R. V. Jones and B. Leslie
Proceedings of the Royal Society of London. Series A, Mathematical and Physical Sciences
Vol. 360, No. 1702 (Apr. 4, 1978) , pp. 347-363
Published by: The Royal Society
http://www.jstor.org/stable/79586
(/citation)

Serway also says that radiation pressure P is valid for emission or absorption, but is actually 2P for reflection.  The cause for this is obvious.  A reflection is actually an absorption followed by an emission. (4)

The combined effect of (3) and (4) is, I suspect, the cause for the Nasa/dielectric effect.

Consider a one-dimensional system where a photon is trapped in the vacuum space between two loss-less front-surface mirrors.  it will bounce back and forth practically forever, generating no net thrust.

At the left mirror impact the mirror receives a left push of -1 on absorption, and a left push of -1 on emission.  The acceleration on the left mirror is -2.  When the photons strike the right mirror, +1 for absorption, +1 for emission.  The net thrust is zero.

Now consider the case where the left mirror is immersed in another lossy material with the index of refraction of 1.5.

ActionThrust from ActionNet thrust
(start)0
Transition v-dAbsorption at vacuum-fluid boundary.-1-1
Transition v-dEmission at vac/fluid boundary.1.50.5
Dielectric ReflectionAbsorption at left mirror-1.5-1
Dielectric ReflectionEmission at left mirror.-1.5-2.5
Transition d-vAbsorption at the fluid-vacuum boundary1.5-1
Transition d-vEmission at the fluid-vacuum boundary-1-2
Vacuum ReflectionAbsorption at the right Mirror1-1
Vacuum ReflectionEmission at the right Mirror10
(return to start condition)

The radiation pressure is greater during the phase where the photons are in the lossy dielectric.  Loss of one of these these photons during that phase results in a asymmetric force.  This asymmetry is, I propose, the cause of the Nasa effect.  The index of refraction of PTFE at microwave frequencies is complex, so this absorption and loss can occur.

I propose to confirm the second effect experimentally by creating a traditional round symmetrical microwave resonator and operating it with and without a PTFE endplate inside the existing metal plate.  If I am correct, this circular-non-tapered resonator will generate thrust when the PTFE endplate is in place.

Do I fundamentally misunderstand any concepts here?

Elizabeth Greene
elizabeth.a.greene@gmail.com

Edited: copy and pasted the wrong theory, added table.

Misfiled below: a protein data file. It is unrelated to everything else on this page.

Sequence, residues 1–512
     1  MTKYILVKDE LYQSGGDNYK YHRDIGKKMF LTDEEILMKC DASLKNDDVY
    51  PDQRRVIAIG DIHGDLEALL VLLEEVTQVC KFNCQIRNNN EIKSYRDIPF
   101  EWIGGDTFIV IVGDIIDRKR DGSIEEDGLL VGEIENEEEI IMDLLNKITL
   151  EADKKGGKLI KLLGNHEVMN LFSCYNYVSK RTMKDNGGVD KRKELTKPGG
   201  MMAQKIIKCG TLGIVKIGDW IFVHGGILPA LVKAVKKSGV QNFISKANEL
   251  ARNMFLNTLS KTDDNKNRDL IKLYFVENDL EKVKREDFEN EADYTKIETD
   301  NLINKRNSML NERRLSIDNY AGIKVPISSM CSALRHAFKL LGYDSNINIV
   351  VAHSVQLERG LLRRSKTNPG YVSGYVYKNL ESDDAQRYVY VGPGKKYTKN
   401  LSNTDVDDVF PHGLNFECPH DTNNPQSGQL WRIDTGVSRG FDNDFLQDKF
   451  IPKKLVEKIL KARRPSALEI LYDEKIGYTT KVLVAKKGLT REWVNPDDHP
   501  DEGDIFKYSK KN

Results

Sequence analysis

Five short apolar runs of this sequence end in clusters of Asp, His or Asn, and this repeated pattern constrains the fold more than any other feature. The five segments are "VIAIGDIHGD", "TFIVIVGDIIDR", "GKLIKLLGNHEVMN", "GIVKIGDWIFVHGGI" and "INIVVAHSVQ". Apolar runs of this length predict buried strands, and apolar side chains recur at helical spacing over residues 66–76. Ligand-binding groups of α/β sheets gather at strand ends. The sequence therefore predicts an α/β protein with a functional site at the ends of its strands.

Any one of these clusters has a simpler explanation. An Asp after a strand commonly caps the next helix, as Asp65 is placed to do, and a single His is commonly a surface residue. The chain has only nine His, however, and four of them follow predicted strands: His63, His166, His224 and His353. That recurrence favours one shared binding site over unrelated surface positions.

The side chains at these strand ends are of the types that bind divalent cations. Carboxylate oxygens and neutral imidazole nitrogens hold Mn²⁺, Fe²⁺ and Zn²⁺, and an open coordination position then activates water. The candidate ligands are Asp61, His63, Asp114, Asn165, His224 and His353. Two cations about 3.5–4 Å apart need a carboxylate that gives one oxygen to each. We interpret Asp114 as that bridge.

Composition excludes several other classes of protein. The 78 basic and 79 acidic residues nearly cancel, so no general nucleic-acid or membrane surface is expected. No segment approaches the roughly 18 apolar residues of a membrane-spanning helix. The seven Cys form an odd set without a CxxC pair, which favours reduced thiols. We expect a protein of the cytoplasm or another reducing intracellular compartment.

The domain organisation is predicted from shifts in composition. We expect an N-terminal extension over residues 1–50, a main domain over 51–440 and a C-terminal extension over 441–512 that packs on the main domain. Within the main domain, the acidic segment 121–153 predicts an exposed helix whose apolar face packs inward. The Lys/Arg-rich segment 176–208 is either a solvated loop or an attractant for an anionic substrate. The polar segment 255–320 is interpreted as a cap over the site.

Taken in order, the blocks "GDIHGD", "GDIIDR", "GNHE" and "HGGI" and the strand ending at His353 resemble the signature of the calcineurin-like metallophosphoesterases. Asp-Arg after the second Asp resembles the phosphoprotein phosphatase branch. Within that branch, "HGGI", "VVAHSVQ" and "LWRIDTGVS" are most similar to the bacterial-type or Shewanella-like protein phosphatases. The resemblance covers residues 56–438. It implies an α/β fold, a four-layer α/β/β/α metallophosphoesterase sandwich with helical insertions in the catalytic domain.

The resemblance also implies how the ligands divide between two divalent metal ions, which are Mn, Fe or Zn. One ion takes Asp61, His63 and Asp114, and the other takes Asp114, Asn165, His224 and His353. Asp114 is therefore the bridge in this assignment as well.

« Last Edit: 06/13/2015 07:03 AM by ElizabethGreene »

Offline deltaMass

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Video alert: A couple of weeks ago, NY hosted the world science festival. One of the panel discussions was about our friend, dark energy and the expanding universe. It remains a little understood force, but progress has been made since 1998. Video is long, but panel commentary is very interesting imo. http://pdvod.new.livestream.com/events/00000000003e0055/a7e1cbca-faa0-4b68-8689-6096c858a39e_678.mp4?start=1298&end=6900&__gda__=1434172981_c0fafb8efe0110980ff2e55b4730aa11
Great link - but it's gone bad for reasons unknown. Do you have a replacement?

Offline deuteragenie

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Quote from: aero
And would you post a link to "thread 2" as I have no idea where to view your meep posts.

Here is the video: http://forum.nasaspaceflight.com/index.php?action=dlattach;topic=36313.0;attach=830280

Offline deltaMass

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Re. the Baby EmDrive data: if friction be modelled going as w2, then in the absence of a driving force
w(t) -> e-t
Unfortunately, the shape of that does not fit the shape of the undriven data, which is roughly a straight line of negative slope.
Therefore the friction model isn't right.

Neither does friction going as w fit: it yields
w(t) -> 1/(1 + t)

The friction model which fits the data is constant frictional force, independent of the rotational velocity.
I've already analysed that and shown that the driving force cannot be determined without more data about the experiment. Specifically we need to know either
a) the frictional torque, or
b) the moment of inertia of the cavity platform (I) AND the lever arm (R) of the cavity

In any case, I am abandoning the w2 friction model.
« Last Edit: 06/13/2015 09:02 AM by deltaMass »

Offline Prunesquallor

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Re. the Baby EmDrive data: if friction be modelled going as w2, then in the absence of a driving force
w(t) -> e-t
Unfortunately, the shape of that does not fit the shape of the undriven data, which is roughly a straight line of negative slope.
Therefore the friction model isn't right.

Neither does friction going as w fit: it yields
w(t) -> 1/(1 + t)

The friction model which fits the data is constant frictional force, independent of the rotational velocity.
I've already analysed that and shown that the driving force cannot be determined without more data about the experiment. Specifically we need to know either
a) the frictional torque, or
b) the moment of inertia of the cavity platform (I) AND the lever arm (R) of the cavity

In any case, I am abandoning the w2 friction model.

Too bad it's a dead end, but I'm not surprised. Like I speculated on an earlier post, after the rig has been spinning for a time, the air in that bell jar is probably in some kind of "steady state" vortex losing energy through boundary layer interactions with the jar walls.  Maybe an analogy is a ducted fan.
Retired, yet... not